In cases where parents have been tracked down and forced to pay maintenance they have saved the State more than €3m.
Figures provided by the Department of Social Protection on the work of their specialised Maintenance Recovery Unit (MRU) last year revealed that 10,709 cases were reviewed and 1,098 liable relatives were either living overseas or could not be traced. In another 539 cases the liable relative could not be identified.
Following a review by the MRU, 3,263 determination orders were issued to relatives due to their apparent ability to make payments.
By year’s end 590 relatives had begun making payments, while another 51 relatives had begun paying the department directly. In the first instance the additional payments to the lone parent was, on average, €54.45 a week, while in cases where the money was paid to the department the average weekly payment was €61.85.
The department said as a result of MRU work last year almost €3.3m was saved — more than €390,000 in direct cash payments, and the remainder in projected savings through either disallowing One Family Payments (OFP) as a result of the maintenance being provided, or reduced OFP being paid.
A department spokesman said: “When assessing a One Parent Family recipient’s weekly entitlement housing costs, such as rent or mortgage repayments, up to a maximum of €95.23 per week, may be offset against maintenance payments. In 2013 One Parent Family recipients were an average of €37.68 better off as a result of liable relatives commencing or increasing payments to the lone parent.”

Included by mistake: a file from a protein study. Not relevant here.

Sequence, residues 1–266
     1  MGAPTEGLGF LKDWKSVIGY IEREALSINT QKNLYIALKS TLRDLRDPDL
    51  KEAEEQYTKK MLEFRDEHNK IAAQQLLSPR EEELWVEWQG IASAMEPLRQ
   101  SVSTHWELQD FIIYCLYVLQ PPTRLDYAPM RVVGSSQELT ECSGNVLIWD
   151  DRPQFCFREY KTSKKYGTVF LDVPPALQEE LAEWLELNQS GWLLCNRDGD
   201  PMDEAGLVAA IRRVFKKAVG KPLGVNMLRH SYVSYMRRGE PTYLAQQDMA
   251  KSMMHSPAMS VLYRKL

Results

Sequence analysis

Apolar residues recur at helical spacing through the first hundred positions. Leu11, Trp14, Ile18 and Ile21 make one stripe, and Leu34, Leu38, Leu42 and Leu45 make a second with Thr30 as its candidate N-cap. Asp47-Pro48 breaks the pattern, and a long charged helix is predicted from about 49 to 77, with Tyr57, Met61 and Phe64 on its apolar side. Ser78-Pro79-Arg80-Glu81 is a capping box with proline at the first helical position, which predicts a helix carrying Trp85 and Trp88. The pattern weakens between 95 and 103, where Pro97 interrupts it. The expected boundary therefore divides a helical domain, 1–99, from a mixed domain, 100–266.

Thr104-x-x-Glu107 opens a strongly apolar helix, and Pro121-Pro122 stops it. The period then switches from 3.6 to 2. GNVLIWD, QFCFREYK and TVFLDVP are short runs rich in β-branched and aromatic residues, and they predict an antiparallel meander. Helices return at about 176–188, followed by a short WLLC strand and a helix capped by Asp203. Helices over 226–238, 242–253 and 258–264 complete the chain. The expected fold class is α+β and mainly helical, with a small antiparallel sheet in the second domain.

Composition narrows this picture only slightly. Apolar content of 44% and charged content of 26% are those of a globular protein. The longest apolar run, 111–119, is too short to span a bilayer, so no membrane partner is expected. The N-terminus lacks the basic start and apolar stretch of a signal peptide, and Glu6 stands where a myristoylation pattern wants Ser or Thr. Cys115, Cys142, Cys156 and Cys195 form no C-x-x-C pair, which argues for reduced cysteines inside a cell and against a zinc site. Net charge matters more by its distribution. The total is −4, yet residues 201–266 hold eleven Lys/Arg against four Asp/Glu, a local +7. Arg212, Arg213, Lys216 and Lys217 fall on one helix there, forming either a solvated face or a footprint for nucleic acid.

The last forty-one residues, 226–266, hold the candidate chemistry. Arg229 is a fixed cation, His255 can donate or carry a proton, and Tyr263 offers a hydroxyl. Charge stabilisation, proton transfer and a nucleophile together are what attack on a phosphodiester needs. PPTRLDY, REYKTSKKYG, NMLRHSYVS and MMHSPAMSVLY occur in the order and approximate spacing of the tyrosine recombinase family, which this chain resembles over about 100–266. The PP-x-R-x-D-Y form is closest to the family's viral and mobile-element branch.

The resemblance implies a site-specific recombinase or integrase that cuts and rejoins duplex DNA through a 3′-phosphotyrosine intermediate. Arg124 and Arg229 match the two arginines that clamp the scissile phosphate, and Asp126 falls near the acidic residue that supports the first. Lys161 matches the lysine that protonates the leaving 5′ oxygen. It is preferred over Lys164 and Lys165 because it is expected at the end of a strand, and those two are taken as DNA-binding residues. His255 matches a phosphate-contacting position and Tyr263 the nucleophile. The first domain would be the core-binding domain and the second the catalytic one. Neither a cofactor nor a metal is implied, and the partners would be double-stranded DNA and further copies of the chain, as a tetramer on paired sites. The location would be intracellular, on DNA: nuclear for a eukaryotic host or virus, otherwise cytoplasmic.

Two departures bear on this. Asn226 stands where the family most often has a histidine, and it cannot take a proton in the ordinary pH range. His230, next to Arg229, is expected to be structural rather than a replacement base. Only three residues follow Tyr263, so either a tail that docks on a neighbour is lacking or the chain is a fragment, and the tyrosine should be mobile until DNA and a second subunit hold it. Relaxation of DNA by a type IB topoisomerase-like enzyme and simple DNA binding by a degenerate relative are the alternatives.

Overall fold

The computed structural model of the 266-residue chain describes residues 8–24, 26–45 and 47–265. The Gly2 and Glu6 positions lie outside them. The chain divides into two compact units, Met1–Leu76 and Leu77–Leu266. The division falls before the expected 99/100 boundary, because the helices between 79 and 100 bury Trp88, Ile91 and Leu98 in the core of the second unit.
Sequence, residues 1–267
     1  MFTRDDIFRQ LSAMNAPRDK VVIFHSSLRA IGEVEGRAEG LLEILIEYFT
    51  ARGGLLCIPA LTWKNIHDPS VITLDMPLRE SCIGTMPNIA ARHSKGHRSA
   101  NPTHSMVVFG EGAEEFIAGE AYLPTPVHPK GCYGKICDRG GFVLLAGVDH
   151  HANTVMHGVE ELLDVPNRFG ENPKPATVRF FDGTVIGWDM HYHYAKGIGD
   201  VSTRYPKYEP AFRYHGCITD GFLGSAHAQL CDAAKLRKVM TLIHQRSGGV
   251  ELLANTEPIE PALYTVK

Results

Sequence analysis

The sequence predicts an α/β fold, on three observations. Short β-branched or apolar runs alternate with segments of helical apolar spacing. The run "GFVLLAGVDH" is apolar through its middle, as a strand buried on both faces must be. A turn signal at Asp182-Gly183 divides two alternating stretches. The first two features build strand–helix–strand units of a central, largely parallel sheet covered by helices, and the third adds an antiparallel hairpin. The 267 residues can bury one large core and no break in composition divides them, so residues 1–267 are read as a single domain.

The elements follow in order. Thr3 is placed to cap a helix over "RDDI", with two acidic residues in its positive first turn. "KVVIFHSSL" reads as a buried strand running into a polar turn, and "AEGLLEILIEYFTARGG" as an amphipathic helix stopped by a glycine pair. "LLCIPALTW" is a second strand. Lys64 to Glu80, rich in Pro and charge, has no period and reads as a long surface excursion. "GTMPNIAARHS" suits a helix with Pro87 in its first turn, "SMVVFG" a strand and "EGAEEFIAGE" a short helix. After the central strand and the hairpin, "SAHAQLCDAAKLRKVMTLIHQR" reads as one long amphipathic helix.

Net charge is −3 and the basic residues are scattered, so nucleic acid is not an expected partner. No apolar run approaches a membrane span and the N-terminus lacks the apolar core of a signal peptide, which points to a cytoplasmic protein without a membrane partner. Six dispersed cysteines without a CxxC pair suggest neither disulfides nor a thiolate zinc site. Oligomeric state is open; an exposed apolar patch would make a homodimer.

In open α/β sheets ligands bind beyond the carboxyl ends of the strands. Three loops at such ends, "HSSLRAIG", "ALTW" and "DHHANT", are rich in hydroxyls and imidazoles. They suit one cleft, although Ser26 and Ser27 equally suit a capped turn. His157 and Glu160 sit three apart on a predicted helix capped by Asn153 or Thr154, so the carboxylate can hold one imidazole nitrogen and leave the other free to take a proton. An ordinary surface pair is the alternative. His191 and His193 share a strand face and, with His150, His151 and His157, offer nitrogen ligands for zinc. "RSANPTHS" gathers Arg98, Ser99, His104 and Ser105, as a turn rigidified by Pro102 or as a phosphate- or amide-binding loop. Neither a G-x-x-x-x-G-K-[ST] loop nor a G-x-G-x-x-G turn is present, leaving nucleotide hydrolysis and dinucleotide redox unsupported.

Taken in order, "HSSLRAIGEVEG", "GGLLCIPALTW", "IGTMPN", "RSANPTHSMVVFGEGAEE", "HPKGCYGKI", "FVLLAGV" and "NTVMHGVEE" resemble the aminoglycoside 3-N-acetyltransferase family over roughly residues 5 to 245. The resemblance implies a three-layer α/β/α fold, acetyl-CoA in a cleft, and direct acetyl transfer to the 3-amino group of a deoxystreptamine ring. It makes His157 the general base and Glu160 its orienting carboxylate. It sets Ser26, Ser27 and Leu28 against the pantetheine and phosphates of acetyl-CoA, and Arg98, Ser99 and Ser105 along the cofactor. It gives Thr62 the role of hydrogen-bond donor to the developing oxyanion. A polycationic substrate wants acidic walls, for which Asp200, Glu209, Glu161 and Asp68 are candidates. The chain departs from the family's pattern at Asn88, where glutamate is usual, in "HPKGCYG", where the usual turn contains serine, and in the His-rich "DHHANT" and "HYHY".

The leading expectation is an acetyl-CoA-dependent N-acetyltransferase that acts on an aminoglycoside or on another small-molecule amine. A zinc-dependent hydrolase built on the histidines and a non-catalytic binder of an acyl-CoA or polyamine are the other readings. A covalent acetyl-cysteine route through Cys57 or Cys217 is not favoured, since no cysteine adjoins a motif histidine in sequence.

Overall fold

The department said the MRU had pursued an increased number of liable relatives in 2013 including, in some cases those receiving a social welfare payment where there may be additional additional/alternate income. However, use of further evidence or an appeal might result in some people being found to have no liability.
Director of Policy at One Family, Stuart Duffin, said it was time for “an intelligent debate” on the issue of maintenance payments and recovery, as in some cases the MRU was “another sledgehammer to crack a nut”.
He said the MRU was a “reactive” tool whereas an overhaul of the system could allow for payments to be set earlier in many cases, such as a Nordic model where maintenance can be recovered from wages.
As for the cases in which the relative was living elsewhere or could not be traced or identified, he said there were cases where domestic violence may have occurred, or there were reasons why the lone parent did not want the liable relative’s involvement.
Similarly, he said in many cases the liable relative’s economic circumstances may have changed, making it more difficult for them to adhere to previous arrangements made either formally or informally.